The principles underpinning three decades of teaching
As an inaugural recipient of a DVC(A) Merit List Award for Teaching and Learning Excellence, Senior Lecturer Linguistics, Dr Christo Moskovsky, shares his approach to education and what makes a great teacher.
Students are our core business. With today’s focus on research publications and grants, it is easy to forget that. However, universities are, in my view, first and foremost an educational institution. Our primary role as academics is to teach our students and to provide them with knowledge and skills of the highest possible standard. This is not to say that research should be neglected or abandoned. Indeed, only by being an active researcher in our field can we ensure that what we offer our students is cutting-edge state-of-the-art scholarship.
My approach to teaching is quite straightforward. I’ve worked as an educator for 35 years already, the last 20 odd of them at the University of Newcastle. Decades of teaching experience have enabled me to develop a number of practical principles which seem to work quite well and to produce decent outcomes:
Treat your students fairly.
Treat students with respect and give them the benefit of the doubt; recognise their hard work and reward it appropriately.
Be as open and transparent with them as possible about the course content, about the course requirements, about the assessment, etc.
Be as accessible to your students as humanly possible; never decline to meet with them and help them with their studies; never fail to respond to a student inquiry, regardless of how reasonable or otherwise you may think the inquiry is; and make sure to do it as soon as possible—ideally immediately.
Maximize learning opportunities for your students. Remember that assignments/exams are little more than another learning opportunity, not as a form of punishment.
Don’t forget that students are very perceptive – they invariably recognise when/if the teacher cares deeply and genuinely for them, and when they do they return the favour in spades. Few experiences are as rewarding and as uplifting.
The individual's capacity to learn is practically unlimited. At a more “philosophical” level, my teaching is underpinned by my conviction that education plays a critically important role in people’s lives. Education can make an immense difference and can have profound positive consequences for everyone. Recent technological advances in medical research have demonstrated that as a result of learning neural structures and neural pathways in the brain can grow and strengthen almost infinitely. However, the extent to which cognitive growth will take place crucially depends on the availability of favourable conditions for learning. As we’ve known for over a century already (indeed, since Vygotsky), among them formal education is undeniably the most important one—without formal education our ‘higher mental functions’ (in Vygotsky’s terms) may never evolve to their full potential.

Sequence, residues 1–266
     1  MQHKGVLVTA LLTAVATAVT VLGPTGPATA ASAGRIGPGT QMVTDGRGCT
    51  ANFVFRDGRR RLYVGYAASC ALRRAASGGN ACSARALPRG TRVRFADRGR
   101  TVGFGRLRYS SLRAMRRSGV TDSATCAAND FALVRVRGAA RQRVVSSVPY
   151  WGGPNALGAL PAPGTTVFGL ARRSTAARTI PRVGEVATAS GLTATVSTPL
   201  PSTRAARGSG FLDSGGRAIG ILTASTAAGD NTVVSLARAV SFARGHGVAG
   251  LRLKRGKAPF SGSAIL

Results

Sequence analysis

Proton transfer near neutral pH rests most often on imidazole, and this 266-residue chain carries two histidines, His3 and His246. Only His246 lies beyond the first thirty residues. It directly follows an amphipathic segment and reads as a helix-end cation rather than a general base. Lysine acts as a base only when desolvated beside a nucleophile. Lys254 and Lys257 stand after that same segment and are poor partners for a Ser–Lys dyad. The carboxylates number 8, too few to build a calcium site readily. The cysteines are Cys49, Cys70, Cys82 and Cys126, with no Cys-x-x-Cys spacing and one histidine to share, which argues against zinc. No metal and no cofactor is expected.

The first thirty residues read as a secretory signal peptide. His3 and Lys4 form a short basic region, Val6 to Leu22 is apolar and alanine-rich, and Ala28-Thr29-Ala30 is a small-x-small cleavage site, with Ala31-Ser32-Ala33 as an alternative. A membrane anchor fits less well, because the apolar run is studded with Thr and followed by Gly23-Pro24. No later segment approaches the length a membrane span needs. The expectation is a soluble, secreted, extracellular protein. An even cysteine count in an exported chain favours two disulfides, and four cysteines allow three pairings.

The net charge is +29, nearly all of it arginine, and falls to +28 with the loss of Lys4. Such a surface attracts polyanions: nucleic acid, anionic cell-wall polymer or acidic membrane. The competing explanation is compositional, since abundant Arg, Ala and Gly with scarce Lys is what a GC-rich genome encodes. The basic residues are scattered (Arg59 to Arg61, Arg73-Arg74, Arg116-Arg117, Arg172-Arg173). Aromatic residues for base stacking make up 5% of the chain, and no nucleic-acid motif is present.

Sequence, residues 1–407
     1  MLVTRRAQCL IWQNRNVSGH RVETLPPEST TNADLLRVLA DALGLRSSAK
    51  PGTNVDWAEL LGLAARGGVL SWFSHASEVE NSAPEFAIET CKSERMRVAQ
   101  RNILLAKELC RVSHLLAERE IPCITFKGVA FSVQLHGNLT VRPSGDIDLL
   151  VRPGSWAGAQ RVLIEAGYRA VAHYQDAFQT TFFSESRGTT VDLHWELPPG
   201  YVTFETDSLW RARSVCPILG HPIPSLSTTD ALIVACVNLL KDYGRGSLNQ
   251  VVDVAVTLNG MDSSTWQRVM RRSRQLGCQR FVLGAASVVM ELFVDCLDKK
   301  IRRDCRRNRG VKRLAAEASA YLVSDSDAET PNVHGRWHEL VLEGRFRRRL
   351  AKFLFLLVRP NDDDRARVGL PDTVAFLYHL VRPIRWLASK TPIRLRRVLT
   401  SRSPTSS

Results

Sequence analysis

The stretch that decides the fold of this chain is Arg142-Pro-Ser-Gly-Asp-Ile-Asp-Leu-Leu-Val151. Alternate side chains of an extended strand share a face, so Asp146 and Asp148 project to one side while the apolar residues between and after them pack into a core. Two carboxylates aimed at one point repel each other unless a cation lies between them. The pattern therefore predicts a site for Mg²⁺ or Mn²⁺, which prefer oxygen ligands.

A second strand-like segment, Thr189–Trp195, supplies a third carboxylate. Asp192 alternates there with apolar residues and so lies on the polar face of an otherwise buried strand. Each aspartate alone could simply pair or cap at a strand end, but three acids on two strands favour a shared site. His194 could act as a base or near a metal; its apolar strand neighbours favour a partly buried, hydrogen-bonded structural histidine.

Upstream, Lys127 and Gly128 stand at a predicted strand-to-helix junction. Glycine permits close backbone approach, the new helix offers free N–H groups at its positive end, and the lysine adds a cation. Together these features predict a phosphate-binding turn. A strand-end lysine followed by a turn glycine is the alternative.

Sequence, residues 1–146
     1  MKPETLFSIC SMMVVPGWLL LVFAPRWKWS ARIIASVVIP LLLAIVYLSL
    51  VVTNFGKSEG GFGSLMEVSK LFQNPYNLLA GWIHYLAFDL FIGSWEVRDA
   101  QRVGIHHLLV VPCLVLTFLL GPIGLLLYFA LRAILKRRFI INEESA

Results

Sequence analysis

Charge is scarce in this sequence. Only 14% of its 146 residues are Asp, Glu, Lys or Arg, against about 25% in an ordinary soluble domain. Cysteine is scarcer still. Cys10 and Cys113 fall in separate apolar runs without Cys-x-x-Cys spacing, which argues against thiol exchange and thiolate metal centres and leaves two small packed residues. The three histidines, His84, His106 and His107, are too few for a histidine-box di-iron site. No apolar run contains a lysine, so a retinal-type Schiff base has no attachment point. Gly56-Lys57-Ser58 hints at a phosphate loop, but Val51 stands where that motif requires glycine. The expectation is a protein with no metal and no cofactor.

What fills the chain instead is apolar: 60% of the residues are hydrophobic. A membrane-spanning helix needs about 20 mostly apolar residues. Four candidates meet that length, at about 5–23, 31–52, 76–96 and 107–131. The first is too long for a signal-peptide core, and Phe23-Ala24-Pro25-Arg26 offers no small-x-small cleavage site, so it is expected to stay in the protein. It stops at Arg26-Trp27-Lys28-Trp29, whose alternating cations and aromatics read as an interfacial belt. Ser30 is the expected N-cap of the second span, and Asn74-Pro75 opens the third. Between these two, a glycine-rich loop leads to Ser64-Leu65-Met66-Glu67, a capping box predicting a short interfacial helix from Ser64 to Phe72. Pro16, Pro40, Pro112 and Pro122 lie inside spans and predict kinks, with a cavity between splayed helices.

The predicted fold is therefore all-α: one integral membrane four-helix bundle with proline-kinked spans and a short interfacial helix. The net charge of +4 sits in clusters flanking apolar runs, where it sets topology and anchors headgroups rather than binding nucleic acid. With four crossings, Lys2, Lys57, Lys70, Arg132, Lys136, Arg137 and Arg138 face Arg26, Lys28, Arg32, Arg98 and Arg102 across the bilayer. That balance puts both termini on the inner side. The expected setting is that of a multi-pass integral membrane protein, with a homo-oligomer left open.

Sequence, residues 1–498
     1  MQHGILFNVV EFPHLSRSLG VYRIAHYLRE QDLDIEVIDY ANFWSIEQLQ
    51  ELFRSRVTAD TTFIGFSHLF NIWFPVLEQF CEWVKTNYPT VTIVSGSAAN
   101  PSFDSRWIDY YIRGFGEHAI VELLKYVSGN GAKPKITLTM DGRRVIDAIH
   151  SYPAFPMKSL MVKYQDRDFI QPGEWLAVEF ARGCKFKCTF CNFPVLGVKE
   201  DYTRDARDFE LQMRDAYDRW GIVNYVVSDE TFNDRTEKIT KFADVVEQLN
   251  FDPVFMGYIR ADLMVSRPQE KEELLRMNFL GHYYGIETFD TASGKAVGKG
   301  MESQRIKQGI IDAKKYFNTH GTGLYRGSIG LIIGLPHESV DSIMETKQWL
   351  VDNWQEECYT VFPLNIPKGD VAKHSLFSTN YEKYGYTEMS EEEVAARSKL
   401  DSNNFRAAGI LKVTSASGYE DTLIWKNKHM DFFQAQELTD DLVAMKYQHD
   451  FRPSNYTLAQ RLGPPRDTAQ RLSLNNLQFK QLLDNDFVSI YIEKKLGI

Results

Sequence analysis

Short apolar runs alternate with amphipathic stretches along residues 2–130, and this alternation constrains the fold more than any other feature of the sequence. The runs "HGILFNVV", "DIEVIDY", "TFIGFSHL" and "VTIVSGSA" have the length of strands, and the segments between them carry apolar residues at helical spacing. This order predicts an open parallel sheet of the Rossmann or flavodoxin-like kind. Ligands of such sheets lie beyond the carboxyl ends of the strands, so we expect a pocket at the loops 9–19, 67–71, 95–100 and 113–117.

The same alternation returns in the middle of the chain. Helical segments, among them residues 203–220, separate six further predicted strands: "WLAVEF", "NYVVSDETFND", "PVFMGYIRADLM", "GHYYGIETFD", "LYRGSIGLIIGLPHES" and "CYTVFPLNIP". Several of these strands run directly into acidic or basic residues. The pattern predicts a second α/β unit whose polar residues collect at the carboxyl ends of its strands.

My ultimate mission as a teacher is to create the conditions which will enable each of my students to realise their cognitive potential to the maximum.
Christo completed a five-year undergraduate degree in English Philology at Sofia University in 1985. The program covered a wide range of studies, such as English and American literature, linguistics, translation and interpreting, and language teaching methodology. He did a research Masters in Linguistics at the University in 1988/89 which yielded a thesis on issues of valency theory. Christo came to the University of Newcastle in 1992 as a full scholarship student to do a PhD in Linguistics and went on to be offered a lectureship in Linguistics in late-1998. Since then his efforts have mostly focused on the development and delivery of a world-class program in Applied Linguistics. Christo convened the University of Newcastle’s Master of Applied Linguistics program for most of its 20 years of existence. He has trained, almost invariably as the principal supervisor, a substantial cohort of domestic and international students in Applied Linguistics. Christo has authored and co-authored a number of influential publications in this field of study, including some which have appeared in top journals like TESOL Quarterly and Language Learning.
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The University of Newcastle acknowledges the traditional custodians of the lands within our footprint areas: Awabakal, Darkinjung, Biripai, Worimi, Wonnarua, and Eora Nations. We also pay respect to the wisdom of our Elders past and present.